Why is Visual Hierarchy Important in Design?

Visual Hierarchy

You don’t have to be a graphic designer to appreciate visual hierarchy.

Even if you’ve never studied the term before, you’ll know it when you see it. It’s all around you (it’s even in this blog!).

Visual hierarchy refers to the arrangement and presentation of elements within a composition.


In the example below, notice how the title is bigger than the copy? That’s visual hierarchy at work.

Visual hierarchy is important in design because it defines the importance and sequence of elements within a composition. It influences the order in which your audience views your content. Order can significantly impact comprehension, impact, and value.

Naturally, there are elements with a composition that are more important than others or that contextualize other elements. You can use various visual hierarchy principles to draw eyeballs to those important elements first.

Good design uses visual hierarchy strategically to attract the viewer to the “whole” composition and leads them through its “parts” by creating different levels of priority and intuitive flow.

Graphic designers understand how the human brain perceives visuals and the influence those visuals have on cognition.


A World Without Order

How important is visual hierarchy? Well, how important do you think the family tree is to the royal family?

It’s easy to fall into the illusion that everything is important (aka make my logo, headline, and call-to-action BIGGER) but, when you don’t have visual hierarchy, the following 2 scenarios usually ensue:

1) Confusion.
The viewer tries to take in the content but can’t. They bounce around all of the “parts” of the composition without ever getting the “whole.”

2) Defeat.
The viewer sees everything at the same level of importance. They pass up the “parts” because the “whole” doesn’t inform them where to start or how to get around causing them to miss your point entirely.



Our Go-To Visual Hierarchy Principals

There are a lot of different principles of visual hierarchy, but these are the ones we always want to incorporate. For all you rule-breakers, these are ones you might want to follow.


Size & Scale

The larger an element, the more attention it draws so in turn, indicates to the reader that element is important. That’s why headlines or calls-to-action you want to be read first should be the largest element within the design. Body copy and supporting content thus is next in line and should be smaller in scale.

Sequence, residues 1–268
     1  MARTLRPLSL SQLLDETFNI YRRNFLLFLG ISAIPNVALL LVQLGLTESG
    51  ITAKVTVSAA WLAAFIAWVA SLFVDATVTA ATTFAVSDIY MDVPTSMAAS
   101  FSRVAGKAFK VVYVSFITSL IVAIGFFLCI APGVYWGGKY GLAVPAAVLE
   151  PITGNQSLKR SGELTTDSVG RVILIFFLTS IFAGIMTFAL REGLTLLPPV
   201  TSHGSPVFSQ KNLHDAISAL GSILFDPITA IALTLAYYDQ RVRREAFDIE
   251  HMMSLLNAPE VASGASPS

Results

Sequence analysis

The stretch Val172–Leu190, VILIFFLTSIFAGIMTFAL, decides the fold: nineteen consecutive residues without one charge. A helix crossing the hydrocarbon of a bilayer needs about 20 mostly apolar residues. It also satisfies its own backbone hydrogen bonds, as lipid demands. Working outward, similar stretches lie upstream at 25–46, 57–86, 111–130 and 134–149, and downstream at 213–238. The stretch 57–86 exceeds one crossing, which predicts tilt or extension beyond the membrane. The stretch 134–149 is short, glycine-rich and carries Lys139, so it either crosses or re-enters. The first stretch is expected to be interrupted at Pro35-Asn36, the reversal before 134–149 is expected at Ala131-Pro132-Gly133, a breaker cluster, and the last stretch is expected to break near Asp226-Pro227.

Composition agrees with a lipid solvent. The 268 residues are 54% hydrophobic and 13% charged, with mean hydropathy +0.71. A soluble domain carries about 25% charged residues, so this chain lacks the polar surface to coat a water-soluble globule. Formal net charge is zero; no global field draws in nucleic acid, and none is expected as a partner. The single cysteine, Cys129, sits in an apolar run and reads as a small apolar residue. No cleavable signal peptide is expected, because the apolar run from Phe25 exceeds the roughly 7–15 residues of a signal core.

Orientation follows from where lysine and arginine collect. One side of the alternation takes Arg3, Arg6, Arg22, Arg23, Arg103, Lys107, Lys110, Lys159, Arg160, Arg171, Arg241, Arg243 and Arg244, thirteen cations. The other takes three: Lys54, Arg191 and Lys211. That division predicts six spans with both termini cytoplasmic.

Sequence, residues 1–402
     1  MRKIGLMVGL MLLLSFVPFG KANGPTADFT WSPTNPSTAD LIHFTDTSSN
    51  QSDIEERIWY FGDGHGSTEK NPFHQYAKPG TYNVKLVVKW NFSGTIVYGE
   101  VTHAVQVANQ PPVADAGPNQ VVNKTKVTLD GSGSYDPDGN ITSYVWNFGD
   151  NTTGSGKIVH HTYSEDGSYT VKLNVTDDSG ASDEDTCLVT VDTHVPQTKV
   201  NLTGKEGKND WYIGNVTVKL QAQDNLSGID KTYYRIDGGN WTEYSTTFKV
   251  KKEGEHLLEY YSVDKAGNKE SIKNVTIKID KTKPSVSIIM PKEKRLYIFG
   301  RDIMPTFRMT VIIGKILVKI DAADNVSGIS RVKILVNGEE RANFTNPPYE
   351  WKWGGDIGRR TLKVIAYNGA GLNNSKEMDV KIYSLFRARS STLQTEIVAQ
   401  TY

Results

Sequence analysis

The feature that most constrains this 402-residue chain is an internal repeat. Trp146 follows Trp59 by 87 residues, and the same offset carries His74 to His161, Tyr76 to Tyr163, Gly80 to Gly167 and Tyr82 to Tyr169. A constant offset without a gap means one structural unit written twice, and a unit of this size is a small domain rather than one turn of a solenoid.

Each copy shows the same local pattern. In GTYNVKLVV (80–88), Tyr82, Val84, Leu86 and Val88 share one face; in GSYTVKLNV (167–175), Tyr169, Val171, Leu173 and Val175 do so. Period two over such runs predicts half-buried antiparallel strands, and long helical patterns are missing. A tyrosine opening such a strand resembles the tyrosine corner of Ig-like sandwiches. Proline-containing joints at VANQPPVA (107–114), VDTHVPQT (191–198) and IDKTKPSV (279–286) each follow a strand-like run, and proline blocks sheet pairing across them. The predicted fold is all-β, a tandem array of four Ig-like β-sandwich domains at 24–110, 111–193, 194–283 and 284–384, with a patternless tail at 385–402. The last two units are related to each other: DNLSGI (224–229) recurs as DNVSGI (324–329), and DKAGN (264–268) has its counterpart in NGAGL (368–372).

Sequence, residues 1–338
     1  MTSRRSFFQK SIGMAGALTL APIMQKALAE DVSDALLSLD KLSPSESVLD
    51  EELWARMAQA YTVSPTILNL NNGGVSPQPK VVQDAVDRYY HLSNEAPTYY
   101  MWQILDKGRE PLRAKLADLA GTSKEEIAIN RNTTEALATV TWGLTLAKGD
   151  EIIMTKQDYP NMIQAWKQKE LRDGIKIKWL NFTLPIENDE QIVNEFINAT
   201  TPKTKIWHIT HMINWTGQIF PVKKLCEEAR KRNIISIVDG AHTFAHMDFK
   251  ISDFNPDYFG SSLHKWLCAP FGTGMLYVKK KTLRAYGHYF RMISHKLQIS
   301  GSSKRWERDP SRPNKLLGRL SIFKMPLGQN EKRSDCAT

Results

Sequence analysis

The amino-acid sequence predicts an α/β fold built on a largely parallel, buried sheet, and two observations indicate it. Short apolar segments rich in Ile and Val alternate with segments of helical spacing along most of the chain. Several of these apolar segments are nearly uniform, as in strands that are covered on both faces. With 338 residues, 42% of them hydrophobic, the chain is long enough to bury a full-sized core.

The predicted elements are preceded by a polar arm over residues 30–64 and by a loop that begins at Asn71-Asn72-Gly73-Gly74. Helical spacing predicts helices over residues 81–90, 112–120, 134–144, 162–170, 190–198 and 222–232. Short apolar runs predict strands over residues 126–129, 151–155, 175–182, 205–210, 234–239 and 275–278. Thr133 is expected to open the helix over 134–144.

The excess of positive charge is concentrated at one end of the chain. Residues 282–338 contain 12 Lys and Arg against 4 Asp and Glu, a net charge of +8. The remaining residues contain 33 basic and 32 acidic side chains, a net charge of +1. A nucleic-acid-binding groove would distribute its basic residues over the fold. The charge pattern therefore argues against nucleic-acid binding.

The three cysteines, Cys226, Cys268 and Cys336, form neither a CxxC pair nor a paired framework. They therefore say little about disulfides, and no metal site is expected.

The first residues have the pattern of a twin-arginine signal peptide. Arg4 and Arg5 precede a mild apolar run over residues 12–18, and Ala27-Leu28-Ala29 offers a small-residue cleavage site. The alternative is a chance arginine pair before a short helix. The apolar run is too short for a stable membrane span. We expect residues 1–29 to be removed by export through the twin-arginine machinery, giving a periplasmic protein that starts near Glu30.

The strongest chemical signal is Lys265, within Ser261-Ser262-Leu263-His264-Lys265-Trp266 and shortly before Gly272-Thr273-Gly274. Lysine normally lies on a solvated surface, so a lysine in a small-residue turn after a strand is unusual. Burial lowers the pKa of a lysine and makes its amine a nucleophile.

Color + Contrast

Another no-brainer, bright colors stand out more than soft colors. Those lighter tints appear more muted and thus fall lower on the hierarchy. Using one bold color among muted colors is an effective way to reinforce the visual hierarchy even for smaller elements like buttons or links.



Leading Lines

Being aware of leading lines and using them to your advantage can help improve the flow of your designs and intuitively lead the users’ eyes exactly where you want them to look. Creating designs with linear elements is yet another way to give order to your content and guide the viewer with purpose.




Ah, white space. The controversial design element that designers love and clients usually find frivolous. Ample white space (or empty space) is a simple but essential way to put focus and emphasis on your most important content. Without proper spatial balance the visual hierarchy can get muddled and lose impact.



Rule of Thirds

This is a pretty straightforward concept. If you put a grid on top of the design/image you are looking to put your focal areas where the grid points intersect. Creating centered or symmetrical designs have their place but splitting the layout into thirds gives a more dynamic visual hierarchy.



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